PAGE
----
France and Islam: a double distance: Algerian crisis raises fears of violence crossing the Mediterranean

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The Independent Online
AT THE funeral of five French embassy employees gunned down by Islamic fundamentalists in Algiers 10 days ago, a bereaved father told Edouard Balladur it was time for France to leave Algeria entirely. In reply, the Gaullist Prime Minister ominously described Algeria as 'a major problem which is ahead of us'.

With each new twist of the Algerian crisis, the worst-case scenario of the incipient civil war in the former North African colony eventually spilling over into the ex-metropolis seems to come closer.

As next May's election to find a successor to Francois Mitterrand approaches, Algeria could prove as thorny a problem for the next French president as Islamic Iran was for the US of Jimmy Carter. If Mr Carter had to deal with the humiliation of a far-off country holding some 50 diplomats hostage, France, even without the focus of such an obvious single crisis so far, faces a potentially more complex package and one that threatens its domestic peace.

Algeria, after all, is just an hour's flight across the Mediterranean from Marseilles. Islam is France's second religion with 4 million adherents, most of them originating from North Africa. If the domino theory prevails, fundamentalist fever would spread to Morocco and Tunisia from Algeria.

If fundamentalists finally did set up an Islamic regime, an exodus of those fearing the new order would undoubtedly bring hundreds of thousands of refugees to French shores, many of them allowed automatic entry by virtue of French nationality. The authorities then fear vendettas with a cycle of revenge killings and hostage-taking within the Muslim community.

After a series of attacks on foreigners, particularly Frenchmen, in Algeria over the past year, the latest killings - three gendarmes posted to guard the Algiers embassy and two consular officials - have sparked off the most spectacular reaction inside France so far.

Seventeen suspected fundamentalist sympathisersfrom the Algerian community in France were packed off to a makeshift detention centre in a disused barracks at Folembray, north- east of Paris. Most were known supporters of Algeria's banned Islamic Salvation Front, the FIS. By yesterday, their numbers had grown to 23 and the Interior Minister, Charles Pasqua, made it clear they could be released only if they found another country to give them asylum.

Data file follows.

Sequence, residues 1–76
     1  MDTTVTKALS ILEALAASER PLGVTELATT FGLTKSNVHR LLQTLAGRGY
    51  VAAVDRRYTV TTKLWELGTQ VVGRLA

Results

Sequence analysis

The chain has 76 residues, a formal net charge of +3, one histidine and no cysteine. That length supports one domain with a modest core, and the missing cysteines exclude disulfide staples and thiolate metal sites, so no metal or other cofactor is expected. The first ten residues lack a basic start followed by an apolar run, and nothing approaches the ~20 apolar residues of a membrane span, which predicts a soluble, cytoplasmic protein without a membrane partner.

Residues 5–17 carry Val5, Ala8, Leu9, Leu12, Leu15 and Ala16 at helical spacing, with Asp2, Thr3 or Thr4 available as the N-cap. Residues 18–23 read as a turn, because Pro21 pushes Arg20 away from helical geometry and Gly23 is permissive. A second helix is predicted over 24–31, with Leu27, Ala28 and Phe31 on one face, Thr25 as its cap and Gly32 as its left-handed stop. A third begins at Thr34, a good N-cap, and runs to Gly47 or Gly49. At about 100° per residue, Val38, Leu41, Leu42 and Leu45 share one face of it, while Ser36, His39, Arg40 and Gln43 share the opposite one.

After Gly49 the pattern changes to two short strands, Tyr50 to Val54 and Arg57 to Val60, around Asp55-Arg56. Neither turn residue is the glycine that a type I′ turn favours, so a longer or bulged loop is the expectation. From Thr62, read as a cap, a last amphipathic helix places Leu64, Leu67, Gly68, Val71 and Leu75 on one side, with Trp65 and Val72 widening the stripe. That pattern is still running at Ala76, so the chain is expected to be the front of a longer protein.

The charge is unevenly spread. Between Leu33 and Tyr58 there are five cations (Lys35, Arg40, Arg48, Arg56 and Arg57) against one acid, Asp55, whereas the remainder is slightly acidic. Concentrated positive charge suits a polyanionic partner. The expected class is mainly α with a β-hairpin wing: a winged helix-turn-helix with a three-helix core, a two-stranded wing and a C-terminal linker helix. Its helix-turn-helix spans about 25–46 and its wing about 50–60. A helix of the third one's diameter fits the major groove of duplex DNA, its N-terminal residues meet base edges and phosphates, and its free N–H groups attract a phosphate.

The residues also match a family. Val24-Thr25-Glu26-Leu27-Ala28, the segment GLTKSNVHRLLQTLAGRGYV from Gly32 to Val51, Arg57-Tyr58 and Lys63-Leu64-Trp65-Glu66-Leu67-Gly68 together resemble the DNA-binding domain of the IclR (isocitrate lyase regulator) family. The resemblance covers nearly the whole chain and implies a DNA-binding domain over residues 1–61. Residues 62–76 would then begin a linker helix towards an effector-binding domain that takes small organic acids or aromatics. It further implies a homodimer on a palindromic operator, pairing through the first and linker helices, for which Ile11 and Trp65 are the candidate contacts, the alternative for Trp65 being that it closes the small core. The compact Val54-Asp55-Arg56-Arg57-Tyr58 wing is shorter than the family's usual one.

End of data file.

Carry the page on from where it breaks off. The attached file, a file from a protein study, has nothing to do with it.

The AIS - the Islamic Salvation Army, military wing of the FIS - threatened to bring its armed struggle to French soil if France did not free the detainees. Mr Pasqua responded by ordering police to seek out Islamic militants, an operation that inevitably meant street-level checks of people of obvious immigrant origin. The even more extreme GIA, or Armed Islamic Group, added its voice to threaten new attacks on French nationals and property inside Algeria.

For Islamic activists and some French analysts, the move to neutralise fundamentalists in France implied the greatest official support so far for the Algerian military regime, evoking memories of American backing for the doomed Shah of Iran.

A centre-right Union for French Democracy (UDF) senator, Jean-Francois Deniau, one of France's most respected voices in foreign affairs, cautioned that what was needed was a 'double distance' - from a government in Algiers known for its corruption and from militants with no love for the former colonial power.

'We can not support a government which we tax with being corrupt and inefficient,' he said. 'The Algerian government must show that it wants to go towards more justice and democracy. We have to observe the same distance from the FIS which, beyond its religious import, is above all a power struggling against another power.'

Above all, Mr Deniau added, the FIS had to realise 'that it will not win its battle of Algiers in France, that it is out of the question that our territory serve as a base'. 'Operation Chrysanthemum' to head off Islamic violence in France began last November after three French consular employees were kidnapped and then released by an Algerian police commando.

Over the past week, with the checking of cars, pedestrians and passengers on the Metro, the latest phase turned up a handful of Islamic militants and links to arms trafficking to rebels in Algeria but nothing to suggest any terrorist attacks being prepared on French soil.

Mr Pasqua was also Interior Minister in 1986 when a devastating series of bombings killed 13 people and maimed many more in Paris in a campaign to force France to release Arab and Iranian prisoners held in French jails on terrorist charges. That network was only fully dismantled - revealing arms caches buried in the forest of Fontainebleau and an extensive chain of helpers with no record of previous trouble- making - when one of its members turned himself in to the French counter-espionage service. After plastic surgery and a change of identity, the informer now lives in the US.

What Mr Pasqua must dread is a repeat performance of 1986. The director of the main Paris mosque, Dalil Boubakeur, points out that the earlier campaign was organised and carried out by a foreign country - Iran. Without the access to diplomatic channels and state arms supplies, the Algerian militants would not be expected to create the same level of activity.

There is evidence, however, of Algerian Islamists collaborating with other groups and police sources said that suspects picked up in Perpignan two weeks ago had links to the Palestinian fundamentalist Hamas. They had reportedly been preparing a joint operation against an Israeli target in Spain.

There are increasingly suggestions that France has been at pains to keep Iran sweet to prevent a recurrence of terrorism on its territory.

(Photograph omitted)

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